Through the Word of God by the prophets:
- David was anointed king of Israel (1 Sam 16:12);
- David was forgiven his sins against Bathsheba and Uriah (2 Sam 12:13); see, also, Psalm 32:5: “I acknowledged my sin to you, and I did not cover my iniquity; I said, ‘I will confess my transgressions to the Lord,’ and you forgave the iniquity of my sin”; and
- Solomon was given a second name, “Jedidiah” (2 Sam 12:25), which means “beloved of the Lord ”
Therefore, David’s glory came through faith in the Word of God. When caught between the apparent glory of his enemies and the hidden glory that comes through the Word of God, David gloried in God’s Word.
Similarly, even Jesus did not glorify himself (although He had every right to), but as the only begotten Son of the Father who came in the name of His Father (John 5:43) to do the work given Him by the Father (John 5:36), Jesus likewise was glorified by the Father: “If I glorify myself, my glory is nothing. It is my Father who glorifies me, of whom you say, ‘He is our God.’ ” (John 8:54)
As Christians, we too receive glory which comes from God. It is an invisible glory to the world. Our glory does not come from human counsels, earthly riches or power, or on account of our own virtue, but by the grace of God and the righteousness of faith in Christ, as it is written: “For our sake he made him to be sin who knew no sin, so that in him we might become the righteousness of God.” (2 Cor 5:21) Because it comes from God and not from man, our enemies cannot rob us of our glory in Christ.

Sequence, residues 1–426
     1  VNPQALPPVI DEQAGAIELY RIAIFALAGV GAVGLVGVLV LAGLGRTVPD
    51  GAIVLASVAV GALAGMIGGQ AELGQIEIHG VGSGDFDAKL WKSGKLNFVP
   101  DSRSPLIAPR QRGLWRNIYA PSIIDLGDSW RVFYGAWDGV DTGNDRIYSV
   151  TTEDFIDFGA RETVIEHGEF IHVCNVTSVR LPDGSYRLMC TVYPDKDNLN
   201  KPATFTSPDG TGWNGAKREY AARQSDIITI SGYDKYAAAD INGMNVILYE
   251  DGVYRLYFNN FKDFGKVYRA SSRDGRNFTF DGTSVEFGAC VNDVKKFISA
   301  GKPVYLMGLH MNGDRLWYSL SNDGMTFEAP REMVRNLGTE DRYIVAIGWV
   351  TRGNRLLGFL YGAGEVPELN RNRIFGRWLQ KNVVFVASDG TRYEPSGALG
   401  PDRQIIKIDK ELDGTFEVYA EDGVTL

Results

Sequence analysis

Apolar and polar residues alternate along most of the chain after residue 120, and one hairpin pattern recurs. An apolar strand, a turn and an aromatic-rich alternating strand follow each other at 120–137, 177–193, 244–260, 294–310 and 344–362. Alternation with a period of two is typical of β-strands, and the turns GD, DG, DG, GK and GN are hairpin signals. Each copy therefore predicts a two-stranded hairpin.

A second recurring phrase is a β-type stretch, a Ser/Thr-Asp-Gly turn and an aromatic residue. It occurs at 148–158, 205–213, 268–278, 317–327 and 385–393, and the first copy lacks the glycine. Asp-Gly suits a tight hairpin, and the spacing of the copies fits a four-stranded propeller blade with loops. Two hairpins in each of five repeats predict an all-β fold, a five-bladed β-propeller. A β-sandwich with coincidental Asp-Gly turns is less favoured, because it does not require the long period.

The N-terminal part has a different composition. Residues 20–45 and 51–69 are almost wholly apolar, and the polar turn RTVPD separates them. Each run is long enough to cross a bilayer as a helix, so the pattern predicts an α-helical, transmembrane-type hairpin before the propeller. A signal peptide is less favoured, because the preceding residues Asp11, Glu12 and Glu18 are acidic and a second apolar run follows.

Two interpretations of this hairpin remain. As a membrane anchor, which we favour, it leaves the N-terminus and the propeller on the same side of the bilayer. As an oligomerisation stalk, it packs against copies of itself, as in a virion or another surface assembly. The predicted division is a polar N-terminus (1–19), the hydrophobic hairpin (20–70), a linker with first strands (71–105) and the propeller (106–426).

(Here is the glory of the Christian: To hear and believe your heavenly Father’s announcement that Christ died for your sins and for His sake your Father forgives you all your sins, adopts you into His family and promises you eternal life!)
“my glory, and the lifter of my head.”
Absalom exalted himself (i.e., lifted his head) to kingship. Many people, trusting in appearances, joined him, including David’s trusted counselor, Ahithophel (2 Sam 15:12). Similarly, the Jewish leaders lifted their heads against Jesus. But as it is written in Psalm 2: “He who sits in the heavens laughs; the Lord holds them in derision.” (Ps 2:4)